A simple, attractive, and stackable arboreal enclosure.
Having spent the last year burying and repurposing just about every conceivable container for use as tarantula cages, I’ve finally settled on a few sizes and styles that I plan to use from this point on.
I’ve found the large Sterilite Show Off containers, which are designed to hold hanging files, are very versatile and perfect for both fossorial (burrowing) and arboreal enclosures. Measuring 15.25″L x 9.75″ W x 11.5H, they leave plenty of depth for deep substrate or height needed when housing an arboreal.
If I’d planned ahead, I might have ordered some 3″ plastic vents from roundvents.com, However, this would have been a more aesthetic choice; holes work just as well.
To put together one of these enclosures, all you’ll need is:
- Sterilite container
- Soldering iron (for burning holes)
- Glue gun
- Substrate (I’m using a mixture of top soil, coco fiber, peat, and a bit of vermiculite).
- Sphagnum moss
- Cork bark flat
- Water dish
- Fake plants (optional)
1. Ventilating the enclosure
First off, if you find yourself making a lot of DIY tarantula cages, then immediately head over to Amazon and invest in a soldering iron. The one I use is manufactured by J&L, and it costs just over $10 (money VERY well spent).
Using the soldering iron, I make a series of holes horizontally starting about an inch below the lip of the container. As you’ll be housing large juveniles to adults in this setup, you can use a bit more pressure on the iron to make larger holes. I will do about five to six rows of these on each side, spacing the holes about 1/4″ apart or so. For the arboreal enclosure, you are going to have more vertical space, so it’s okay to put holes lower on the side of the enclosure. However, for a fossorial species, you’ll want to keep the holes toward the top to allow for adequate substrate depth.
You can add holes to the other sides as well if you prefer, but keep in mind that if you’re trying to create a micro-climate, too much ventilation will make it very difficult for you to maintain optimum conditions. I do not add holes on the lid, as this just allows moisture to evaporate faster.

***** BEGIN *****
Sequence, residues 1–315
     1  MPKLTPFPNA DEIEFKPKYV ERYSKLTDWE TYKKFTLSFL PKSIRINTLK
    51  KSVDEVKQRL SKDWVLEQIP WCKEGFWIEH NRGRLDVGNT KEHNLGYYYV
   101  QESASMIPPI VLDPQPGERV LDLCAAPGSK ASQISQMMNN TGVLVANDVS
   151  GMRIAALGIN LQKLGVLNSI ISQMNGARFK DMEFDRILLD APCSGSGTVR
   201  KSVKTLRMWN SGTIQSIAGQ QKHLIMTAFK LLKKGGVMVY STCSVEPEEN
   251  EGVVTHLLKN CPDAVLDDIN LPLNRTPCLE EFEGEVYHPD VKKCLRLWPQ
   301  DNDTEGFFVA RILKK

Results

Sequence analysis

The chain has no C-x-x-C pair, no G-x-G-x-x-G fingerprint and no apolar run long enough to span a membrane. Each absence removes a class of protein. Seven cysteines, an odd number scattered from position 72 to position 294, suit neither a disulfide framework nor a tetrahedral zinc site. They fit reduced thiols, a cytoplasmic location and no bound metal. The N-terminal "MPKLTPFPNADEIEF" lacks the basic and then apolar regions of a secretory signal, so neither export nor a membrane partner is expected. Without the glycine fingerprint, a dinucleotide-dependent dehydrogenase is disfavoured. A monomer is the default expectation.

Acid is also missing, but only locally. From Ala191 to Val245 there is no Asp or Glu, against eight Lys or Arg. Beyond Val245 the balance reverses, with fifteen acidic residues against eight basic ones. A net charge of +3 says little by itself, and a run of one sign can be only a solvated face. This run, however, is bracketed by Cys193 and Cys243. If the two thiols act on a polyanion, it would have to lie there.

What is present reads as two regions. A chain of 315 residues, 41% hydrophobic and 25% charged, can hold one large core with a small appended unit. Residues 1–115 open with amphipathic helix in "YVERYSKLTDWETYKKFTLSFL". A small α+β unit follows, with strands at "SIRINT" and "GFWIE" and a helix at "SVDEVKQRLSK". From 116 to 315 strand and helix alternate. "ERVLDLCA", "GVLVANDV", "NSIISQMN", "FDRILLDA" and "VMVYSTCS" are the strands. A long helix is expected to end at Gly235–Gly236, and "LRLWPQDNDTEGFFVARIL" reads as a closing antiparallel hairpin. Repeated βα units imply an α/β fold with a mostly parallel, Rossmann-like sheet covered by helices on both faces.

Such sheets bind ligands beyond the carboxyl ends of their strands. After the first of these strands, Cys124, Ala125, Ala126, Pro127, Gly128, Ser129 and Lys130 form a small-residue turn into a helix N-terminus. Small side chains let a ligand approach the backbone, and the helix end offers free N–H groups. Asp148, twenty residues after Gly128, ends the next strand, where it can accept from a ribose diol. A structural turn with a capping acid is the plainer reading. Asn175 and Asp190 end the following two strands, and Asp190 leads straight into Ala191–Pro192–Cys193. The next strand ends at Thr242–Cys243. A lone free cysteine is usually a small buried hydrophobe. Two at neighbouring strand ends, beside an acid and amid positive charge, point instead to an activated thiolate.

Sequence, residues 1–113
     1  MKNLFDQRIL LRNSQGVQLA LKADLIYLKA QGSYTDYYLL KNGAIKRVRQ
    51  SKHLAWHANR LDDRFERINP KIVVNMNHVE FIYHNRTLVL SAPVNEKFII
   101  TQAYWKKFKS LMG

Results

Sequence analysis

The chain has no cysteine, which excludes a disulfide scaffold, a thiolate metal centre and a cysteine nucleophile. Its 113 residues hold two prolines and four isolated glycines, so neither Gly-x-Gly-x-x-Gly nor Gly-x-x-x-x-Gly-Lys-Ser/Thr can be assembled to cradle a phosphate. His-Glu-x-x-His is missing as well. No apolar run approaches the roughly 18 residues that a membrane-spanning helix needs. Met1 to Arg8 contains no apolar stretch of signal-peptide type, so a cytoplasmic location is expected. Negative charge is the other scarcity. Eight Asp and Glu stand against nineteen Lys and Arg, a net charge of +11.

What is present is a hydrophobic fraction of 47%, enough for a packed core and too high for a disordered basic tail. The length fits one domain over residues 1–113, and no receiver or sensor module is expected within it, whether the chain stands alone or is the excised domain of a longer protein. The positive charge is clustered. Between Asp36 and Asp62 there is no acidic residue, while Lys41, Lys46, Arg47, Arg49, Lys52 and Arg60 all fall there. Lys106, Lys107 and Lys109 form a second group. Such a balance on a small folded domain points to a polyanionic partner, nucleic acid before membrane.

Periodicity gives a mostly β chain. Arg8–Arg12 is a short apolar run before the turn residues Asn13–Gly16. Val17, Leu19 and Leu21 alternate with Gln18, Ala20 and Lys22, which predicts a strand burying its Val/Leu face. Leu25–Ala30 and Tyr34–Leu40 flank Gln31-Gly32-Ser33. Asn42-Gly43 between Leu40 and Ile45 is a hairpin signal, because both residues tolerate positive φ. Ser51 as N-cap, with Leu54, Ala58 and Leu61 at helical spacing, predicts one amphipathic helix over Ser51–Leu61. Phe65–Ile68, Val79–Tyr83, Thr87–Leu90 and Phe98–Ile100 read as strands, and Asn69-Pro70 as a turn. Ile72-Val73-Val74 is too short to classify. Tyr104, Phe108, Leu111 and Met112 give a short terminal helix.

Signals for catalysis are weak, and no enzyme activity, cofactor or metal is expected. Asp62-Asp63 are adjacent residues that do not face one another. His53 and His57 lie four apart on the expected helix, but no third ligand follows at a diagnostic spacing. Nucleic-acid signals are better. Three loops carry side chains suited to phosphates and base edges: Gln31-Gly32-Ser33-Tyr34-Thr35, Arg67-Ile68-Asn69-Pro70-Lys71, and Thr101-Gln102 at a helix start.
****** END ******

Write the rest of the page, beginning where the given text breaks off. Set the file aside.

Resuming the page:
2. Add the substrate.
This one is pretty self-explanatory. For an arboreal enclosure, you want to add 2-3″ of packed-down substrate. Appropriate substrate can be coco fiber (Eco-earth), peat, organic (no animal products added) top soil, or any mixture of the those. For more on substrates, feel free to check out this link.
3. Arrange the water bowl and cork bark
Because we’re setting up an arboreal enclosure, we’re going to be using a cork bark flat set at an angle. Now, cork bark can be quite pricey when purchased at a pet store, so I’ve been buying mine from New England Herpetoculture (NE Herp). Not only do they carry an amazing supply of everything you would need to decorate an enclosure (fake plants, bamboo, cork bark, etc.), but their prices are fantastic. A 13-16″ long slab costs about $10 and yields you enough bark for about three enclosures if you section it.
You want to lay your piece of cork bark at an angle, wedging the bottom of it into the substrate so that it doesn’t slip down. When positioning it, try to ensure that it doesn’t cover up your air holes as well.
I will usually put the water dish at the base of the cork bark, just off to the side. You don’t have to get fancy with what you use for your dish, either. Some folks use souffle cups or other “found” items. I like to use these small, white ceramic water dishes that I found at Petco. I know Petco has a rep for being over-priced, and the items sold in their brick and mortar stores usually are. However, if you sign up for their online newsletter, you’ll discover that they are constantly having 25-40% sales, often with free shipping after a certain amount. I usually end up paying only about $1 per water bowl, which I think is pretty darned good. I’ve also managed to score some gorgeous fake plants there for 50% off.
4. Add some sphagnum moss.